Stigma is a terrible thing.  It is the basis for treating people differently based their perceived belonging to a group, rather than their individual merit. If that different treatment were an advantage, it might be a good thing but more often it is a disadvantage.  In a fair society nobody should be treated differently because of perceptions about them, whether those perceptions are good or bad.  We call this unfair treatment, discrimination.  

Access to an effective cure for hep C is a great step forward. The next step is to encourage everyone who is affected to come forward for treatment.  Fear of discrimination is disincentive for people who have been diagnosed to visit a clinic, or engage with their hepatitis C in any way.  It is a major disincentive for people who may have hepatitis C to come forward for testing.  In short it leads to worse health outcomes for the people who most need medical assistance.  People who have been repeatedly discriminated against may shun the entire medical system. 

Hepatitis C, through its intrinsic connection to injecting drug use, is also highly stigmatised.  Injecting drugs is one of the most highly stigmatised activities in our society.  Of course there are lots of ways in which hepatitis C is transmitted including: medical procedures in unsterile conditions, blood transfusion before the blood service commenced screening, vertical transmission from mother to child; household transmission on toothbrushes, razors and clippers; and transmission during sex (especially for HIV positive gay men involved in certain esoteric practices).  But there is no getting away from the fact that the vast majority of transmissions come from sharing needles or other equipment used to inject drugs, even if that was only once, thirty years ago.

Many of those who seek treatment for their hepatitis C don’t want to talk about it publicly because they may be discriminated against.  For many it reminds them of a long forgotten period in their history or painful memories of addiction.  People who currently inject drugs have learnt to be cautious who they tell, because it is often not well received.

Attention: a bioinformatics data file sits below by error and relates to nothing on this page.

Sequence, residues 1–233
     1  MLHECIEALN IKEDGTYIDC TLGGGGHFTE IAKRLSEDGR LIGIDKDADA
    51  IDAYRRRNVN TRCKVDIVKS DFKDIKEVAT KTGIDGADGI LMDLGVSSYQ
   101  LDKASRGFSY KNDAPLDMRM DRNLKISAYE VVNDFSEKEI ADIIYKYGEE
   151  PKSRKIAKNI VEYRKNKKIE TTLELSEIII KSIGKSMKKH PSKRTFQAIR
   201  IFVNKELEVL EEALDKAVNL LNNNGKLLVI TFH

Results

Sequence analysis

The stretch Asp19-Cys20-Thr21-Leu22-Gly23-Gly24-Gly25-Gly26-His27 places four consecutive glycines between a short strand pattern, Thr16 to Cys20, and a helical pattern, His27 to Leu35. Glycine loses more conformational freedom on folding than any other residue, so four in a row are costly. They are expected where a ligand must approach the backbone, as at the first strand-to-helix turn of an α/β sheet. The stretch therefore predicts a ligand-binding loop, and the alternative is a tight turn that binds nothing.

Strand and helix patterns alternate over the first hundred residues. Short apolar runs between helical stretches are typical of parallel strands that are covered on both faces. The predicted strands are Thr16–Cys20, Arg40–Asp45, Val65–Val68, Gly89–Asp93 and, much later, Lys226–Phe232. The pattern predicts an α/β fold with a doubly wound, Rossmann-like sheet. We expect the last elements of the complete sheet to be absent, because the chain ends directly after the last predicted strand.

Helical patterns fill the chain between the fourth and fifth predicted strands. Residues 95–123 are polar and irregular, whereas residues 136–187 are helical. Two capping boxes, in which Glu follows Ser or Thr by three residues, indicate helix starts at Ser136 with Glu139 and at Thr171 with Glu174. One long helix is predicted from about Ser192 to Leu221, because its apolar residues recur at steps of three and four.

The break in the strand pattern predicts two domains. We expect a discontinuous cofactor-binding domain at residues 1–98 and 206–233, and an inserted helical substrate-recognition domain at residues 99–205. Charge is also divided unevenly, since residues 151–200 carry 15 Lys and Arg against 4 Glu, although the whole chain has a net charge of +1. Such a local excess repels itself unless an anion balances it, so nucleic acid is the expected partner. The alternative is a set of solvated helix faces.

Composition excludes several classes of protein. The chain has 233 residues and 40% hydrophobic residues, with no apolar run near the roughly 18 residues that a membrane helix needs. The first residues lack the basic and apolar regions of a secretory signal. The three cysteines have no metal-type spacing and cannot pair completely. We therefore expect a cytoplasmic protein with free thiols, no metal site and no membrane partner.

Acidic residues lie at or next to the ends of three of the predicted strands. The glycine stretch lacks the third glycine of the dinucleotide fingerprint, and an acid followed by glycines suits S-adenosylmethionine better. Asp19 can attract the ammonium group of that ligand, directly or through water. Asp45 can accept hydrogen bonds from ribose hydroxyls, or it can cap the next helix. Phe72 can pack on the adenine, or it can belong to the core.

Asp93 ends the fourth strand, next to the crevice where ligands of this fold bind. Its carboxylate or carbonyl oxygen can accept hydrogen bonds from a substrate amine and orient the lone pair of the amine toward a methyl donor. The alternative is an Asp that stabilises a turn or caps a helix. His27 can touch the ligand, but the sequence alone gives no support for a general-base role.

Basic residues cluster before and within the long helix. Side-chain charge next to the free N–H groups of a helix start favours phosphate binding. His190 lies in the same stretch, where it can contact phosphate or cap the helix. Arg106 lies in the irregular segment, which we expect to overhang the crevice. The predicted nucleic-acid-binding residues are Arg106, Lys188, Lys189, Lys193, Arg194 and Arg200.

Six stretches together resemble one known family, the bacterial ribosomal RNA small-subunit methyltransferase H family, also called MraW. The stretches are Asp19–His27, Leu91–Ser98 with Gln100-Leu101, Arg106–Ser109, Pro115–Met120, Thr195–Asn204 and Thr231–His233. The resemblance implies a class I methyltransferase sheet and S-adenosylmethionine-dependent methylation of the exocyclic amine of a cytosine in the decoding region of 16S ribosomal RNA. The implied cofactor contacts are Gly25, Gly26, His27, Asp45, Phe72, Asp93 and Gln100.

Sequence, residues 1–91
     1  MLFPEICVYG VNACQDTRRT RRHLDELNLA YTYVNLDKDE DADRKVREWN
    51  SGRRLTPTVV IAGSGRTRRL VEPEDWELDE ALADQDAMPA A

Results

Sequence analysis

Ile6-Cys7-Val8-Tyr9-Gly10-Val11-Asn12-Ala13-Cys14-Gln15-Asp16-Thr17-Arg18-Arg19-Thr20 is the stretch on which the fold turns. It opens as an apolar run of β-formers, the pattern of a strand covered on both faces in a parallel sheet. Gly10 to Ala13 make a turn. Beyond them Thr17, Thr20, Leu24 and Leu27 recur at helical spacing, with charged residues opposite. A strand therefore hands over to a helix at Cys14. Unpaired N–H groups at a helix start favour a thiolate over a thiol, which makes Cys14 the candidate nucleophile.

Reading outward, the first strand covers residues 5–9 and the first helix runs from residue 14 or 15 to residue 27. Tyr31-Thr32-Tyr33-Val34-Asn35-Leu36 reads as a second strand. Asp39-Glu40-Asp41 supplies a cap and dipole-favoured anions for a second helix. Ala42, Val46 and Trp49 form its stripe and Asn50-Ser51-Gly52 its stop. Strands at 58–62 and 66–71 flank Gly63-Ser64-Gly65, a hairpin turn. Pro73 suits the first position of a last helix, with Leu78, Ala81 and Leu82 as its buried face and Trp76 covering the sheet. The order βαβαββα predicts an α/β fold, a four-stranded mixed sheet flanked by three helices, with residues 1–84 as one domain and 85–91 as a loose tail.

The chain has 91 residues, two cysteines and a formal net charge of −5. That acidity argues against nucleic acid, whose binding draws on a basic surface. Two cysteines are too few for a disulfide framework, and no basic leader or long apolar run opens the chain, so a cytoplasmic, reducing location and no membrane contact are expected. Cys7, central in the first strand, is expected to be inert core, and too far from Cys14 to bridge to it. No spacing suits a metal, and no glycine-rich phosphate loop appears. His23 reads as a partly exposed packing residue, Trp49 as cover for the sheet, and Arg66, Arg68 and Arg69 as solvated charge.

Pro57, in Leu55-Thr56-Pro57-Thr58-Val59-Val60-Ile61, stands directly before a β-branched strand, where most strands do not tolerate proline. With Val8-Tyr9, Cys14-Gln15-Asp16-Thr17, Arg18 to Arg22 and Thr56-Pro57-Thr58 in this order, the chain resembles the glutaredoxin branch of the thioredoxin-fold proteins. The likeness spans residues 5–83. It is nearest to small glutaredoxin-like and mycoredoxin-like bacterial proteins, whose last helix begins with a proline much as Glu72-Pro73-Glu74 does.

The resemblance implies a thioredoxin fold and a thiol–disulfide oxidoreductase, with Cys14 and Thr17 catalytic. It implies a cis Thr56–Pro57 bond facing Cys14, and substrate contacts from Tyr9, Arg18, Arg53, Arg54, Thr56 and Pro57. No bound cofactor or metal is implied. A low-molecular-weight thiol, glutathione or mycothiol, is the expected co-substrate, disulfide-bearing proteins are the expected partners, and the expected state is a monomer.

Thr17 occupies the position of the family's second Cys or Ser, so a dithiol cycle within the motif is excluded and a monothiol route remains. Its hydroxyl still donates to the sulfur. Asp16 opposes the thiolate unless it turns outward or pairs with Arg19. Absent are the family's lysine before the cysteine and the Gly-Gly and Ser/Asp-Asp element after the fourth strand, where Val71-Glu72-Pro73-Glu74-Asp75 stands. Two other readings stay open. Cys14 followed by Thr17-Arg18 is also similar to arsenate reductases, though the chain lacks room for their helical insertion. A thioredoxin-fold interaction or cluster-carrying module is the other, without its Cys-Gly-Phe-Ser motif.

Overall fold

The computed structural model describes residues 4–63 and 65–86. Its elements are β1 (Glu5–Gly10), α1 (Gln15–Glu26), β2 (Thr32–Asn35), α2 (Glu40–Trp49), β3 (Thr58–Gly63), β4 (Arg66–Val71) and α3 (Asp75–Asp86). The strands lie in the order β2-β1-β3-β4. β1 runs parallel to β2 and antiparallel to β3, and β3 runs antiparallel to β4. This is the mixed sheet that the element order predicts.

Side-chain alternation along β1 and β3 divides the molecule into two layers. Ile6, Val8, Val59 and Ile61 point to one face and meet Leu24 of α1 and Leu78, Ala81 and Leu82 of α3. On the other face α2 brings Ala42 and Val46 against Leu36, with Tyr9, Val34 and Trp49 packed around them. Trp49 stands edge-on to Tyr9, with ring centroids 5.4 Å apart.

The numbers of people with hep C are huge but the silence surrounding it creates the impression that it is a rare thing.   I am continually surprised by people I have known for years disclosing their hep C diagnosis to me.  Because of the silence, the average person tends to have very little accurate knowledge about hep C, except that it sounds very, very scary.

Over the years I have seen attempts to “smoke screen” the role of injecting drug use in hepatitis C transmission behind some of the other more “palatable” modes of transmission.  There is no doubt this is helpful to some people who don’t want to admit to injecting drugs, but does it really help to break down stigma and discrimination? I don’t think so. 

Hiding behind the “smoke screen” sends a signal that we have something to be ashamed of.  It suggests internalised stigma, which is really saying “I’m not like those people”.  But what’s to be ashamed of? The world is full of drugs, some of which are legal and some are arbitrarily illegal. Whether we take drugs now or have in the past, whether we smoke, swallow, drink snort or inject them, does not make us a bad person and drugs are not inherently harmful.  The lesson we can learn from 30 years of the HIV epidemic is not to shy away from those who seek to discriminate against us but to meet them head on and say “see me for the person I am not my disease”.

The views expressed above are mine alone and do not necessarily reflect those of my employer